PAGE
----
Issue 117, Fall 2012

Ah, sex. We love to think about it, we also love to condemn it. Censors are second perhaps only to pornographers in the amount of time they spend talking about sex. NCAC was launched in the wake of a 1973 landmark obscenity case, Miller v. California, and to this day censorship of sex is the biggest single challenge for this organization. To get a sense of the extent of censorship of sex-related material today, here is a sampling of recent issues and incidents NCAC has tackled:

Sex in books
In 2011, NCAC successfully overturned a ban against Sherman Alexie’s The Absolutely True Diary of a Part-Time Indian as part of the curriculum for all high school classes in the Richland, WA school district. A board member proposed rejecting the book because of “gratuitous language and depictions of sex.” In our experience, any mention of sex in a novel included in the school curriculum, as suggested reading, or even only present in the school library, can provoke a challenge. Given the prevalence of sexual themes in world literature and art, such complaints are plentiful. Unfortunately, school administrators sometimes prefer to appease a few disgruntled parents rather than follow the recommendations of the professional staff who selected the book.

Nudity in books
The mere suggestion of nakedness – in an illustrated children’s story about a cowboy taking his yearly bath (with his private parts cleverly covered) – was enough to provoke a book’s removal from school libraries in the Annville-Cleona (PA) district this year. Some parents expressed concern that, as a result of viewing or reading Amy Timberlake’s The Dirty Cowboy, “Children may come to the conclusion that looking at nudity is OK, and therefore pornography is OK.”

Nudes on display: sexually suggestive, sexually harassing, or none of the above?
Nudes in public exhibition spaces are a constant target of attack. Sometimes the concern is that a nude is sexually suggestive, that children might see it, or that it constitutes sexual harassment. NCAC is frequently called on to explain to local officials that the display of a nude, in itself, does not constitute sexual harassment, obscenity, or harm to minors. Quite often, as recently happened in Marin County, we are able to persuade city officials to retain or reinstate the art.

Nudity online
Facebook notoriously censors all photographic representations of nudity. Other Internet platforms censor it selectively. Not long ago, NCAC and the Electronic Frontier Foundation worked together to convince YouTube to change its content guidelines and exempt artistic content from its ban on nudity. Video artist Amy Greenfield’s works, which had been taken down for “violating community standards” due to nudity, were reinstated as a result.

Sexual orientation in school
If nudity arouses the censor, it’s not hard to imagine the response to suggestions of alternative sexuality. In June 2012, the Erie, IL school board voted to remove Todd Parr’s The Family Book from the school’s diversity curriculum because of a page with the phrase “some families have two moms or two dads.” NCAC’s letter explaining the school’s ethical, legal and educational responsibilities at stake was co-signed by nine organizations, including The Family Book publisher, Little Brown and Co.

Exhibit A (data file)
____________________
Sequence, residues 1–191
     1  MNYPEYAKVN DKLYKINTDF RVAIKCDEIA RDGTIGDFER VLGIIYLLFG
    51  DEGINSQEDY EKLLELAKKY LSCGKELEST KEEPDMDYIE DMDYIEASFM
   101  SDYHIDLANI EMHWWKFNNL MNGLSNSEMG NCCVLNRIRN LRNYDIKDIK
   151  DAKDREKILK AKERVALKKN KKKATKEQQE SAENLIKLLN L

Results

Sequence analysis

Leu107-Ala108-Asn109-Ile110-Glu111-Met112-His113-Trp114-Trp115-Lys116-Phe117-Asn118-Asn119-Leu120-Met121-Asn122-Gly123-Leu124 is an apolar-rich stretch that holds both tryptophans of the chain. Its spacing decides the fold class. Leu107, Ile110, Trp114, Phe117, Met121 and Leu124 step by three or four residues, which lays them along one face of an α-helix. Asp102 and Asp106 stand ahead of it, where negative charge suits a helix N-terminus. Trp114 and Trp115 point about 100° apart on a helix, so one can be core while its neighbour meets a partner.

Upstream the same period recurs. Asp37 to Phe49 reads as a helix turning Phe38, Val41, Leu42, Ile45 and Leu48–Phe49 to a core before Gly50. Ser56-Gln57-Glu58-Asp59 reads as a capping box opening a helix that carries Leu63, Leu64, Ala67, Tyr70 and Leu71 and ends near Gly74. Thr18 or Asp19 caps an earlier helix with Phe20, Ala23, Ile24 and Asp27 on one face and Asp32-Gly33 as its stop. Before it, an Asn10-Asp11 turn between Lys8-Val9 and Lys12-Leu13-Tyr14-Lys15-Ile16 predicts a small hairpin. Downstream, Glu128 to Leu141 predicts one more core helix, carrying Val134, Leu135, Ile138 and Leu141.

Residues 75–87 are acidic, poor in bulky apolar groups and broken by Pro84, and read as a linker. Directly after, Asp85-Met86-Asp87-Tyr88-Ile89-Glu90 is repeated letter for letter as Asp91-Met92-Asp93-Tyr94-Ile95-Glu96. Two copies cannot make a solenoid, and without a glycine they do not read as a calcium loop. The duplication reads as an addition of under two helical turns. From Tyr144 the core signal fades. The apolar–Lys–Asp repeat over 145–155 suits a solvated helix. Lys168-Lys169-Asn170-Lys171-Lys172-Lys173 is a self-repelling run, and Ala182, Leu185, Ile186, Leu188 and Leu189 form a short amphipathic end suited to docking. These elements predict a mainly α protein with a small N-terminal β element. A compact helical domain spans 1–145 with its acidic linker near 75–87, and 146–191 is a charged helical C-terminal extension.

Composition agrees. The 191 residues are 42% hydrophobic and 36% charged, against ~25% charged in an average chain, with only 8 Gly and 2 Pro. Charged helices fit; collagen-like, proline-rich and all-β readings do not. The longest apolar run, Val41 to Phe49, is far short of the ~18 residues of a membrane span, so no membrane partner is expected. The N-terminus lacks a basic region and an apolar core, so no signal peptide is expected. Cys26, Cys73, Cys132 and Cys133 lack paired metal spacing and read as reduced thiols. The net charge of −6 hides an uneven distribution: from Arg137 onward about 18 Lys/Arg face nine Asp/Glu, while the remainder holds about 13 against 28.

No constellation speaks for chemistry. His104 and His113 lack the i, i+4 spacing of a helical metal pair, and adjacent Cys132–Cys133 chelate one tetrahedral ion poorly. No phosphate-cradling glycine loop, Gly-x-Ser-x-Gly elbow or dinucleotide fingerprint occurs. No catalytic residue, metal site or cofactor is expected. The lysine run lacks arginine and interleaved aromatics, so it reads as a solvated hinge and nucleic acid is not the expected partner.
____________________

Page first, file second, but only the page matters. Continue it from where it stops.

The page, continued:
Sexual orientation in college
Earlier in the year, Villanova University revoked performance artist Tim Miller’s artist-in-residency theater workshop. Miller is outspokenly gay – a fact sufficient to make him unwelcome, independent of the content of the workshop. NCAC joined the Foundation for Individual Rights in Education in calling on Villanova to live up to its own stated standards of academic freedom.

Internet Filters and LGBT issues
Internet filters required in schools and libraries (see p. 2) invariably screen out sexual content as a matter of course. However, sometimes schools and libraries go further in their efforts to block certain ideas. Not long ago, NCAC teamed up with the ACLU and Tennessee students to overturn the selective blocking of LGBT websites from school workstations – noting that websites attacking homosexuality remained unblocked. School officials only relented after a lawsuit was filed.

Private companies regulating your fantasies
Nudity in public exhibition spaces and LGBT content in schools are predictable targets of censorship. But would you think that a private company would take it upon itself to police your fantasies?  PayPal threatened to terminate the accounts of online marketplaces offering erotic ebooks containing fantasies about bestiality, incest, and rape. Under pressure from NCAC, organizations representing booksellers, authors, and other free speech groups, PayPal relented.

Abstinence-only Sex Education
Censoring sex education presents a serious danger to the very physical health and safety of the children that pro-censorship organizations claim they protect: NCAC has campaigned against abstinence-only sex education as a First Amendment issue. Indeed, compelling schools to teach abstinence-only means suppressing information about STIs, safe sex, pregnancy prevention, and a whole array of other much-needed health issues. The Affordable Care Act passed by Congress and signed by President Obama brought funding for abstinence-only sex education back in 2010 after the White House zeroed out grants in 2008.